Differentiation

What is Differentiated Instruction?

Differentiated Instruction

Differentiation refers to a wide variety of teaching techniques and adaptations that educators use to instruct a diverse group of students in the same learning environment (face-to-face or virtual) in order to support students’ diverse learning needs, interests, and preferences.

Differentiating Instruction: It's Not as Hard as You Think
  • Differentiated instruction is based on the modification of four elements: content, process, product, and affect/learning environment.

  • This modification is guided by the teacher’s understanding of student needs, such as student readiness, interest, and learning profile.


Differentiation Elements: Key Elements of Differentiated Instruction

  1. Content: What are you teaching?

  2. Product: How will students demonstrate learning?

  3. Process: How will you teach it?

  4. Environment: Face-to-Face? Virtual? Whole group? Small group? On the carpet? Outdoors?

How Differentiation Can be Used in a Coteaching Placement

Using differentiation in a coteaching placement allows one teacher to work with students at their expected grade level while the other teacher works with those students who need the information and/or materials re-taught, extended, or remediated. This strategy also allows for content to be delivered in multiple ways in order to appeal to different learning preferences and interests. Here are some ways you can use differentiation in your coteaching placement:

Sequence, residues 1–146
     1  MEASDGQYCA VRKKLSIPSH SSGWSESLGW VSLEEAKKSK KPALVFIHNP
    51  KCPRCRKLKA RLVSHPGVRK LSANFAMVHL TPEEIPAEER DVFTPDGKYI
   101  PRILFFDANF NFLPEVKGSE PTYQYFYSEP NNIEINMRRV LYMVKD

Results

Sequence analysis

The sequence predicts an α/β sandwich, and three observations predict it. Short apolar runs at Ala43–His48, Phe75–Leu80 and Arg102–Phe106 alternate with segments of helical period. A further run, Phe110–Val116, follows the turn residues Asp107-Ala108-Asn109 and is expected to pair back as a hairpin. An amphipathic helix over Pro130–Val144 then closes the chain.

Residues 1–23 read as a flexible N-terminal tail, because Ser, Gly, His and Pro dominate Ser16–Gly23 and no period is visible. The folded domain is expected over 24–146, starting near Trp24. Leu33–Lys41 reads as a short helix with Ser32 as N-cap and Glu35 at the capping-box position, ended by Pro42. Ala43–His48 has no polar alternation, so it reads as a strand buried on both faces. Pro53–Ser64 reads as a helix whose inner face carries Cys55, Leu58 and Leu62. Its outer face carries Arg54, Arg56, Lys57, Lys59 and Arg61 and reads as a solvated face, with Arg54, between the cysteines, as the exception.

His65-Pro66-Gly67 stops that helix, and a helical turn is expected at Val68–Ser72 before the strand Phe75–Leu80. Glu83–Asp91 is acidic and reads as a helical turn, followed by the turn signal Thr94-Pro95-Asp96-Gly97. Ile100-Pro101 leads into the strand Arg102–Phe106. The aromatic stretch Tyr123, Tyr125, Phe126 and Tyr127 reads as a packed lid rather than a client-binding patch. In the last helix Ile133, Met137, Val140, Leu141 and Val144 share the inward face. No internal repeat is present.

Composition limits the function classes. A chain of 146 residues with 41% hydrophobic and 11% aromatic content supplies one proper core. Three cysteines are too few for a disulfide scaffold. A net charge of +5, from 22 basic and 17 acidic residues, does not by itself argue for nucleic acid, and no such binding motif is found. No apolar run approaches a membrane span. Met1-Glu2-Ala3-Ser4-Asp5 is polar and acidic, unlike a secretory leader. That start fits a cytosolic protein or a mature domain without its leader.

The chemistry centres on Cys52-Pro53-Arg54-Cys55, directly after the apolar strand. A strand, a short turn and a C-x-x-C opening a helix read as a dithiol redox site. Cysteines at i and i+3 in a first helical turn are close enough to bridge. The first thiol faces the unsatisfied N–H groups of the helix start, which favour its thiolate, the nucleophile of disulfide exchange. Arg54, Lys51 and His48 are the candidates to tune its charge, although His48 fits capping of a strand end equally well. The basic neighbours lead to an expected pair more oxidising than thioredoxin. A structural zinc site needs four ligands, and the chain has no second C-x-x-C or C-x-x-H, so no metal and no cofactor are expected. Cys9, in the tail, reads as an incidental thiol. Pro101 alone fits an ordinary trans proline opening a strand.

• One teacher may work with students who need re-teaching of a concept while the other teacher works with the rest of the students on enrichment.

  • Based on previous assessments, the coteachers will decide which students have not yet met the standard. One teacher works with the students who would benefit from reteaching/further exploration, using an appropriately modified curriculum while the other teacher works with or monitors the rest of the class.

  • One teacher works with three students who were absent in order to catch them up on the prior day's learning while also providing instruction on the current day's lesson.

  • The coteachers plan a lesson in which two different approaches to teaching the same information is employed. For example, one teacher may lead a group in predicting prior to reading by looking at the cover of the book and the illustrations. The other instructor accomplishes the same outcome but with their group, the students predict by connecting the items pulled out of a bag with the story. This allows the coteachers to differentiate based on students’ learning preferences.

Additional Resources

Web resources:

  1. Key Elements of Differentiated Instruction: Professional development document highlighting key features of differentiating instruction across four classroom elements.
  2. Toolkit of Differentiated Instruction: This document provides strategies for differentiating by content, product, and process.
Videos: